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Corrosion Blamed for Deadly Ohio Fair Incident

Tuesday, August 8, 2017

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Corrosion is being blamed for an incident at the Ohio State Fair last month that left one person dead and seven others injured.

The “Fire Ball” ride, an 18-year-old carnival ride manufactured by Dutch company KMG International BV under the model name After Burner, was subject to a catastrophic failure on July 26. One of the ride’s gondolas, carrying four riders, broke off as the ride revolved.

Fire Ball after incident
Images: NAFLIC Technical Bulletin

KMG, manufacturer of the Fire Ball ride, said in a statement that a gondola arm on the ride broke due to "excessive corrosion on the interior of the ... support beam."

According to a statement written by KMG on Friday (Aug. 4) and released publicly Sunday, an investigation, including a review of video of the incident as well as metallurgical analysis, “determined that excessive corrosion on the interior of the gondola support beam dangerously reduced the beam’s wall thickness over the years.” This led to the eventual failure of the arm.

The After Burner ride, according to KMG, features six four-person gondolas, and revolves at 15 rpm.

KMG said in the statement that it has “worked with industry safety experts to develop an inspection protocol in the form of a Safety Bulletin to allow properly inspected and maintained rides to safely reopen.”

Taking on Water

According to a technical bulletin issued by the U.K.-based National Association for Leisure Industry Certification, it is “understood that an ingress of water occurs during the transport and storage that leads to the corrosion” in the Fire Ball, based on the manufacturer’s investigation of the incident.

Fire Ball after incident

The ride had been visually inspected for cracks and wear the same day it broke.

NAFLIC says in its bulletin that inspectors asked to look at the rides should “arrange to inspect the inside of the structure,” and “undertake a detailed thickness check on the material, over the complete section and record the results.”

Recently Inspected

In the immediate aftermath of the incident, state officials told reporters the ride had been inspected earlier that same day. Inspection records released by the Ohio Department of Agriculture’s Amusement Ride Safety Division show a clean record for the ride; structural inspection points on the reports indicate that inspectors checked visually for cracks or excessive wear, as well as factors like bolts appearing where needed.

The ride was operated by Amusements of America, a company that travels throughout the country setting up amusement attractions. A representative of the company told PaintSquare Daily News on Monday (Aug. 7) that he did not have information regarding whether or how often the ride was subject to recoating for the purpose of corrosion prevention.

On its website, Amusements of America says that “safety is our number one priority” and “to ensure that our equipment remains attractive and mechanically sound, we maintain a state of the art paint shop, ride repair shop and automotive shop.”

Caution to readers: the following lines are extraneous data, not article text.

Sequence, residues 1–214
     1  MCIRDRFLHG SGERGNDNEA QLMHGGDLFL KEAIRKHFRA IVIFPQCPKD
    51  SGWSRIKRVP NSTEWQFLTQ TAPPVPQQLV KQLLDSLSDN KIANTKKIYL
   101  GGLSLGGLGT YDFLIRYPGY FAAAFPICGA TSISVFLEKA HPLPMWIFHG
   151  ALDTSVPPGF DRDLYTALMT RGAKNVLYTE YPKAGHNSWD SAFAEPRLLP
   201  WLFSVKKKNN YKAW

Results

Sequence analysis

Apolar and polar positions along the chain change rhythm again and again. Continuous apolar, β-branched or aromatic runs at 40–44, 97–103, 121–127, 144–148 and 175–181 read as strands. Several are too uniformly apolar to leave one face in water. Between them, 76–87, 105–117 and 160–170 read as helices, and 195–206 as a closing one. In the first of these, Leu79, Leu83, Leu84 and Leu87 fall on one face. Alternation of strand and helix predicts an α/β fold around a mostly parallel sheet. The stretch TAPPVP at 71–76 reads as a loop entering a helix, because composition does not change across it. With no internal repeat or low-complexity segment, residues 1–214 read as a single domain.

Manufacturer KMG did not immediately respond Monday to a request for information regarding what type of protective coating is factory-applied to the After Burner ride, and what kind of maintenance schedule is prescribed for the coating system on such a ride.

A state investigation into the incident is still ongoing.

   

Tagged categories: Accidents; Corrosion; Health and safety; Quality control

Comment from Mario Colica, (8/8/2017, 3:55 AM)

Looking at the picture, it seems that the only protection against rust was a common paint. No signs of Zn coating appears.If the steel was covered with a Zn coating(arc-spray) of 200-300 um the incident would be avoided


Comment from Simon Hope, (8/8/2017, 6:58 AM)

It is the internal of a box section that has been the area where the corrosion occurred, zinc metal spray on the outside would not have helped in this circumstance though it might possibly have reduced any thinning due to external corrosion creating a crack nucleation point. What was required was either fully sealed box sections or if not fully sealed, a full endoscopic inspection regime to determine any break down or corrosion. Sealed box sections should not get internal corrosion as the oxygen is depleted creating an inert atmosphere. These areas are best protected with inhibitive waxes as the practicality of blasting and coating is not really an option.


Comment from Harman Metzger, (8/8/2017, 7:29 AM)

Maybe a few portal / drainage holes and hot dip galvanizing during fabrication would provide a longer life for this type of structural support.


Comment from peter gibson, (8/8/2017, 10:33 AM)

Inspection... these inspectors don't check for corrosion. Look at frivolities like nuts,bolts and the like.Corrosion issues not on the horizon. These things are overused anyway. The inevitable happened.